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Thank you for addressing the suggested "minor revisions" so thoroughly. I am happy to accept your manuscript at this time.
# PeerJ Staff Note - this decision was reviewed and approved by James Reimer, a PeerJ Section Editor covering this Section #
As you will see, the two expert reviewers reacted very positively to your manuscript (as do I) and suggested a few relatively minor modifications. I agree that showing a PCO plot would be very useful.
This is a clear well-written paper that tackles an important subject and provides a definitive answer. Most of the figures and tables are necessary although I would suggest figure 5 and figure 9 could be merged. The text size on figures 7 & 8 needs to be increased. Although abbreviations are fine for localities in figures and tables, I think it would be helpful if VRS was written in full throughout the text. Genbank accession numbers are reported for new sequences.
Some points of grammar:
Line 68: ‘lies’ not ‘lays’
Line 73: ‘to date’ not ‘up to date’
Line 90: “it is now known” not “now it is known”
Line 208: ‘data are’ not ‘data is’
Line 324: “in contrast’ not ‘On the other hand’. In English, ‘on the other hand’ is very informal.
Line 324: “differentiating” not “differencing”
Line 331: “shared” not “share”
Line 378: delete “on the other hand” it is not necessary
This is original primary research which falls within the aims and scope of the journal. The question is an important one concerning correct identification of a commercially fished species. The paper uses standard techniques which are well executed and I find little to criticize within the methods. They are well described and the data are clearly presented.
Authors should check that they are always citing the paper they intended and citing correctly. For example, Line 209, I think the authors are referring to Allcock, Strugnell & Johnson, 2008. Similarly Line 215.
Authors might also check references in Table 4. I think, for example, that Allcock et al. 2006 included O. vulgaris from France, not from Brazil. Sequences from Cistopus indicus are available in both Gukiz et al. 2005 and Strugnell et al. 2014, and additional rhodopsin sequences may be found in Strugnell et al. 2014.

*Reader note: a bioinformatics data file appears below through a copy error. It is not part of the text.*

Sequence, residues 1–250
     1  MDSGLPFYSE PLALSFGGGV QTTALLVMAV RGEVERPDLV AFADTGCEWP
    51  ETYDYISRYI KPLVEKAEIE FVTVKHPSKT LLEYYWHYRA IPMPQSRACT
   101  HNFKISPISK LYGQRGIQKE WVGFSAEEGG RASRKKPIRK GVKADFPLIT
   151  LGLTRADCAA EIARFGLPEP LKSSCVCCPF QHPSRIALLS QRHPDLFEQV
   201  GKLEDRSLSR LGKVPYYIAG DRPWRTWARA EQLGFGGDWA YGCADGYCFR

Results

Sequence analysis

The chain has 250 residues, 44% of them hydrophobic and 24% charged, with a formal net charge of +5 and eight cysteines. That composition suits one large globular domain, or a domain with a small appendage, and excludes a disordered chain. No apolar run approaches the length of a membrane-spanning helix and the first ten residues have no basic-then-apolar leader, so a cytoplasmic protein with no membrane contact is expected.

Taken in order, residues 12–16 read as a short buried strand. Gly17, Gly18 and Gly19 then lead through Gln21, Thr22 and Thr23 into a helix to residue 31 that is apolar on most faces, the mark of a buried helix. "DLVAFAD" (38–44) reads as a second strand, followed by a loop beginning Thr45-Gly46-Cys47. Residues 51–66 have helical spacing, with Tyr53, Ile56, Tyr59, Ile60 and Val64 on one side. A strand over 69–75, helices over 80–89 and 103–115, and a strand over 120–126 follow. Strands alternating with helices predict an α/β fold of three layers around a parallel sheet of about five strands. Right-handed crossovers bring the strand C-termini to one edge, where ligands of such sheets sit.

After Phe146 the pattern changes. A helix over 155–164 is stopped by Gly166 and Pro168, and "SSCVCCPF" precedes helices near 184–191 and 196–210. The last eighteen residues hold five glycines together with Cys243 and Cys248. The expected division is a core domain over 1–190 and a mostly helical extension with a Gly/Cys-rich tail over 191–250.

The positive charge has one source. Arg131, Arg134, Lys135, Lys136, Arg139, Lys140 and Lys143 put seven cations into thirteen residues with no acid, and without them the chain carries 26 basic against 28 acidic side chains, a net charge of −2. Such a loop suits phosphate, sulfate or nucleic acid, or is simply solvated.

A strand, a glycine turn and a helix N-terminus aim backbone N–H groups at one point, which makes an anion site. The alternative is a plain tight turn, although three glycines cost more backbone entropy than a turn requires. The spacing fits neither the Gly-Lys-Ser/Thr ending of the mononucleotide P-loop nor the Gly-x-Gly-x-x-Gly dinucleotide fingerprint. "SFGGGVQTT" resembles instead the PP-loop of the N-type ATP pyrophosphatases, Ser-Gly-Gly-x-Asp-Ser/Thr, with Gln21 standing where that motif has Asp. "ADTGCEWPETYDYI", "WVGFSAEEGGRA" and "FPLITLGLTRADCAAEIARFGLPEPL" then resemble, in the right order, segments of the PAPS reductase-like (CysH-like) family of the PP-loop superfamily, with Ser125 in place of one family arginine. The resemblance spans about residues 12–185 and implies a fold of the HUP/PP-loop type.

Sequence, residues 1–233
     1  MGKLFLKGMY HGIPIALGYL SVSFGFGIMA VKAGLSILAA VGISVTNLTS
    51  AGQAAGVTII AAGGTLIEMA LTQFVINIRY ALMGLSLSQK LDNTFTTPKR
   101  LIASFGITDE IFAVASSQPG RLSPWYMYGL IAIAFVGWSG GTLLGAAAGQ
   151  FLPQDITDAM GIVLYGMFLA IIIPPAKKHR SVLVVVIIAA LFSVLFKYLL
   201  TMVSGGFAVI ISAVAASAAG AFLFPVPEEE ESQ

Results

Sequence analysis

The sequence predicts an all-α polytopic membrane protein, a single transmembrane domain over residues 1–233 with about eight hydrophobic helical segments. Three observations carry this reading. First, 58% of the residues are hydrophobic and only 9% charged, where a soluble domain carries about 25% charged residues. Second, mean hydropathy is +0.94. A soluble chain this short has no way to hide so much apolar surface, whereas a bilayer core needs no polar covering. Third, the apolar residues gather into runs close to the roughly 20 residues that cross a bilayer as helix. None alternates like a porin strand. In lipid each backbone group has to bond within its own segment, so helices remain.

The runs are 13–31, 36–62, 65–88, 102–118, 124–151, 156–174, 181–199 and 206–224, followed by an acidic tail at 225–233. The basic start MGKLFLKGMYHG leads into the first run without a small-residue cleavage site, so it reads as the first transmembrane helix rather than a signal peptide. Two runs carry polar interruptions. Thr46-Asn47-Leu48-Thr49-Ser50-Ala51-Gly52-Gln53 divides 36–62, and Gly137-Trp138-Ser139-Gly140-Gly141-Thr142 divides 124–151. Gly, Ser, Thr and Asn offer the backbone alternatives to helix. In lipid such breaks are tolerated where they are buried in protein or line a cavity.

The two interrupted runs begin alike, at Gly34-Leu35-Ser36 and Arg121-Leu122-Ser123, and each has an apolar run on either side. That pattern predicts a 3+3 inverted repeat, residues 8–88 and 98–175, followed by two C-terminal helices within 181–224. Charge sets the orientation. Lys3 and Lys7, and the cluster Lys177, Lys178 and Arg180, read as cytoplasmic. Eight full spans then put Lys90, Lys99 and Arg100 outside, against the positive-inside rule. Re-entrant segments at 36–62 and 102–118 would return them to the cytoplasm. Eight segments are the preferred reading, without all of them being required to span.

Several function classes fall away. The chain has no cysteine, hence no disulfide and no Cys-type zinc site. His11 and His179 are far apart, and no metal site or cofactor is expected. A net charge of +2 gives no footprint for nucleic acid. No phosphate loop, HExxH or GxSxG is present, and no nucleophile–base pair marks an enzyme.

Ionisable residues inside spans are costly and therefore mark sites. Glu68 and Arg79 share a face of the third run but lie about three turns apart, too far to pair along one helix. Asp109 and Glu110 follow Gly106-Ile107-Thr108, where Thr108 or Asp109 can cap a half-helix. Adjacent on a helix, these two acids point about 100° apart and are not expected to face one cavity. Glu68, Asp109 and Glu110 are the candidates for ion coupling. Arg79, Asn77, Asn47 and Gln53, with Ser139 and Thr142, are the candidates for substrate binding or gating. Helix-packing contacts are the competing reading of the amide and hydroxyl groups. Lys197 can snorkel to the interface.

This is all well done and I find little to criticize. Perhaps the authors could add a little more on the identification of O. insularis versus O. vulgaris based on the external skin sculpture. Norman and Hochberg have often mentioned the classic "patch and groove" sculpture of Octopus s.s., so I think it would be helpful to include a more directly stated comparison of how O. insularis external colour/sculpture differens from "patch and groove"
It is a well structured and integrative study dealing with a complex issue such as redefining a "plastic" octopod species originally identified as Octopus vulgaris.
The authors did a great morphological and genetic job to show that the species inhabiting the Veracruz reef system is O. insularis, rather than O. vulgaris.
I only have minor comments that are attached to the pdf.
1. I would like to see a PCO plot rather than MDS because it shows the true differences in mulditimensional space for the 10 traits measured in two axis that account for a certain % of total variance, rather than maximizing these differences in the first two axis which is the representation of MDS.
2. I would suggest to concatenate the sequences obtained to have a better phylogenetic resolution.
Good experimental design, enough samples analysed for the morphological and genetic analyses.
The authors need to clarify why the number of specimens analysed for genetics (n=24, line 224) are different than those specified on line 324 (n=19). Indeed, the number of sequences deposited on genbank N= 46 (MH550422-MH550467) is less than the number os genes analyzed (4) and the specimens indicated on line 324 (19x4=76).
Also, I missed a table showing the details of the sequences retrieved form Genbank (Acc number, location, species, authors...) so other authors can have a clear picture of the comparisons carried in this study.
Great job done by the authors, with important findings that will hopefully change management strategies off the coast of Mexico and Caribean Sea.
Conclusion is well stated and linked to the origial research question.
Overall, a good work with minor things to be changed. Great effort and a good morphological and genetic analysis.
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